This article is the third of a series dedicated to smart technologies and cities. Through these readings, I propose a comprehensive approach to decipher the future urban challenges that smart cities and mobility will have to face for a better, safer and more sustainable future for all of us.
Smart mobility, the city blood, may be the most important domain to be addressed by smart cities. First, mobility will aggregate, like a black hole, a wide variety of industries ranging from diverse sectors such as tech, communication, automotive, infrastructure or energy. Therefore, making an impact on the mobility industry will also impact these related sectors. Second, it directly tackles concrete environmental challenges through the “three zeroes” framework such as pollution (0 emissions), security (0 accidents) or lifestyle (0 ownership). Through its politic, local city government can make tangible impact on concrete challenges such as pollution, congestion, safety, quality of life and employment.
The future of mobility will be a multitude of services that people will have to embrace to make the mobility revolution a success
To make the Mobility Revolution a success, a multitude of mobility services will be available to people. It is important they embrace this diversity together with a behaviour change to leverage the entire positive impacts that smart transportation can make on its environment. Reviewing mobility solutions is out of this article’s scope. However, some important trends should be mentioned here, and I encourage you to explore them according to your preferences (happy to discuss each one of them with you):
- MaaS: ok, I do not even know what it includes today as so many people are using this term in so many different situations… When a market value has forecasts ranging from 1 to 10 times its amount, I think it’s because nobody has a clue of what it means! Let’s skip that “trend”, shall we?
- Ridehailing: companies such as Uber or Lyft connect riders with car drivers where you can enjoy a private or shared trip;
- Carsharing: if you need to rent a car, you can create an account on platforms such as Zipcar, which would give you access to a fleet of vehicles managed by the company, or rent a car owned by someone, similarly to an Airbnb, via firms such as Hiyacar;
- Public transport on demand: redefining how we take the bus, the train or the underground is currently investigated by companies such as Go-Ahead (London bus operators) and Via (US mobility software provider). In the near future, we could have virtual bus stops, changing from one place to another according to variables such as the capacity of the bus, the passenger destinations and the location of the riders requesting a trip;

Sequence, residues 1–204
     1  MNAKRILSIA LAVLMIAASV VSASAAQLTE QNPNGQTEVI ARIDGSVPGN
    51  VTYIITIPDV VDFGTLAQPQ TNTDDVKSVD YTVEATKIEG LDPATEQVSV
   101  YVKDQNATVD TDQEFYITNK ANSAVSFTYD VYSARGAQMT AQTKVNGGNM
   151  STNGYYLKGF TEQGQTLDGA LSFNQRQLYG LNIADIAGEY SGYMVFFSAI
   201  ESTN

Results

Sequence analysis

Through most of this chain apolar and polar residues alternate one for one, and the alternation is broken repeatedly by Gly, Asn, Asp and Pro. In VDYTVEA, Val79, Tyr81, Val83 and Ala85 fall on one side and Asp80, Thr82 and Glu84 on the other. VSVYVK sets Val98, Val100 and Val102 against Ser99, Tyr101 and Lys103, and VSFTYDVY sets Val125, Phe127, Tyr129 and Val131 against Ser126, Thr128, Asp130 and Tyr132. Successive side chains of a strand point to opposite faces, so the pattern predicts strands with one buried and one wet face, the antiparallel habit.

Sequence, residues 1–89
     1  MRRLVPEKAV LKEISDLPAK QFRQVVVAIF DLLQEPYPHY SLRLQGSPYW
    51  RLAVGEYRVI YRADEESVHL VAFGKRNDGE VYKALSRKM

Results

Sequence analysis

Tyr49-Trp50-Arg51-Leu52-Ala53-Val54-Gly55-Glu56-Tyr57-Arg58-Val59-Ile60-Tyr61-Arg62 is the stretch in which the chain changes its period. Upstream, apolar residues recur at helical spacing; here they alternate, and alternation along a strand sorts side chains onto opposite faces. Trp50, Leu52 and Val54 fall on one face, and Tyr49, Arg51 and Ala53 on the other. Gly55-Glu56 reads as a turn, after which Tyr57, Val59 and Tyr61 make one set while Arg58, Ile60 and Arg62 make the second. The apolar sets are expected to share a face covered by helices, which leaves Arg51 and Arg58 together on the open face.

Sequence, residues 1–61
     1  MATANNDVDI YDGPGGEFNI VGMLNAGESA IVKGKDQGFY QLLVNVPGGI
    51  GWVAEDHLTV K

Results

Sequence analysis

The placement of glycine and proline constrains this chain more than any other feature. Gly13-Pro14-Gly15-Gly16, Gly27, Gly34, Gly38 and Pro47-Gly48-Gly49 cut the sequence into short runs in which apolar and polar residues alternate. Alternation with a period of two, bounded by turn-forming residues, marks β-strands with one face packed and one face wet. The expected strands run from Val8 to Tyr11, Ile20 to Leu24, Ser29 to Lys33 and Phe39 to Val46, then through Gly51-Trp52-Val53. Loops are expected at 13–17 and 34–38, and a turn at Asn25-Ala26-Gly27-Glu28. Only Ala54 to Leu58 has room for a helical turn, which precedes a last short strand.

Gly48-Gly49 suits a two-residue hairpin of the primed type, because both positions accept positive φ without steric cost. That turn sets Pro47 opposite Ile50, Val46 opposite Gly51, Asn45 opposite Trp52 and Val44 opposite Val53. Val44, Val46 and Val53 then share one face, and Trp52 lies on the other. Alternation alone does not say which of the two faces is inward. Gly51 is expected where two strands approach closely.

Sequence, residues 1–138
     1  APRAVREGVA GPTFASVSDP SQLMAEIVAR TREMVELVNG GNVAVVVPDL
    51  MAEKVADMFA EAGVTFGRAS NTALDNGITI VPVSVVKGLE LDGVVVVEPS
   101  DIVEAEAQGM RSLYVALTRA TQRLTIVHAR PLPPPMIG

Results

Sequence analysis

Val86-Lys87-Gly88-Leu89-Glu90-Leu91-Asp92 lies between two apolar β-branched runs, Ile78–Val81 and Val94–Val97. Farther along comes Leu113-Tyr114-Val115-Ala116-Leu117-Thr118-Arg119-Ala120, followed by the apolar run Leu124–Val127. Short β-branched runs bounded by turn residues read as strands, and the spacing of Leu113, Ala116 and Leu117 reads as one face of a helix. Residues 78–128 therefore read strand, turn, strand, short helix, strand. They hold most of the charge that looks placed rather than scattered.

- Micromobility: Jump, Bird, Lime and other mobility start-ups offer solutions for your last urban miles with e-scooters, e-bikes, …
- Urban Air mobility: probably the most futuristic trend, flying cars would potentially touch the sky by 2050 (according to a survey I realised with Roland Berger and The Aviary Project in November 2018). In the meantime, there is still a lot of work to do in terms of R&D, infrastructure, regulation, and customer acceptance. For more information regarding this topic, you may want to consider the following firms such as Lilium, Volocopter, Airlander, Uber Elevate or Vertical Aerospace;
- Connected and Electric vehicles: with US$300 bn investment planned by OEMs in electric vehicle technologies over the next 10 years, EV is becoming a reality. I used to be a huge cylinder fan – the more the better I used to think – until the day I tried a Hybrid and then an EV. I know today that my next car – should I’ll own one again… – will be electrified;
- Ownership vs Sharing: Studies have shown that the next generations of mobility customers would prefer to trade their car keys for a mobility subscription with MaaS (mobility as a service) companies. Although the likelihood to transit towards a sharing economy seems to be high (Airbnb, Netflix, Spotify, Uber, …), there are still questions about when and to what extent this new consumer behaviour will impact the mobility industry;
Thinking that people want to share a vehicle is not true and too generic. It as to be more granular…
Just a quick note about the shared mobility. Although I genuinely believe that this is where we are heading, I am very sceptical about the fact that people, more specifically Millennials (myself included), do not want to own a vehicle anymore and drive the industry towards a fully shared ecosystem. This is both unverified in our study “Being Driven” [60% of the respondents do not want to share an autonomous vehicle] and in the business world where ridehailing companies are struggling to be profitable (I agree shared behaviour is not the only reason but still…) and some carsharing programs such as the one from BMW/ Daimler JV had to stop in certain cities mainly due to the strong private ownership preference from city residents.
Dear [some] mobility experts, try to focus more on being critic than trendy to look cool and knowledgeable…
So please, dear mobility experts [not all of you], before shortcutting and jumping on too easy and obvious conclusions just to look trendy and amplify the message that big companies believe (sometimes wrongly), try to be a bit more critical. I remember engaged discussions where I disagreed with people telling me « haaaa Daimler and BMW will change the mobility-service game with their $1bn investment. »… 😩
OEMs are not B2C, stop saying that…please
Another example is the number of “experts” strongly affirming that OEMs are B2C companies and ready to be a mobility provider… I do not count the number of events where I hear that during a talk… 🤯 If you recognize yourself, you are a sort of champion!
So be critical, embrace the diversity, think about your footprint and make the Mobility Revolution a great success.
As always, share your opinion and engage with me!😄